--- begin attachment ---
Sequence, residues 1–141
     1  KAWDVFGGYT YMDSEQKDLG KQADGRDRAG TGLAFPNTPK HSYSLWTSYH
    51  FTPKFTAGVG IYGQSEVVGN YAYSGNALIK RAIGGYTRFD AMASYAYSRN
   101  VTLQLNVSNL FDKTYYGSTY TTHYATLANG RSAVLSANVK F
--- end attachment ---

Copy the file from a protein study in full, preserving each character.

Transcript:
Sequence, residues 1–141
     1  KAWDVFGGYT YMDSEQKDLG KQADGRDRAG TGLAFPNTPK HSYSLWTSYH
    51  FTPKFTAGVG IYGQSEVVGN YAYSGNALIK RAIGGYTRFD AMASYAYSRN
   101  VTLQLNVSNL FDKTYYGSTY TTHYATLANG RSAVLSANVK F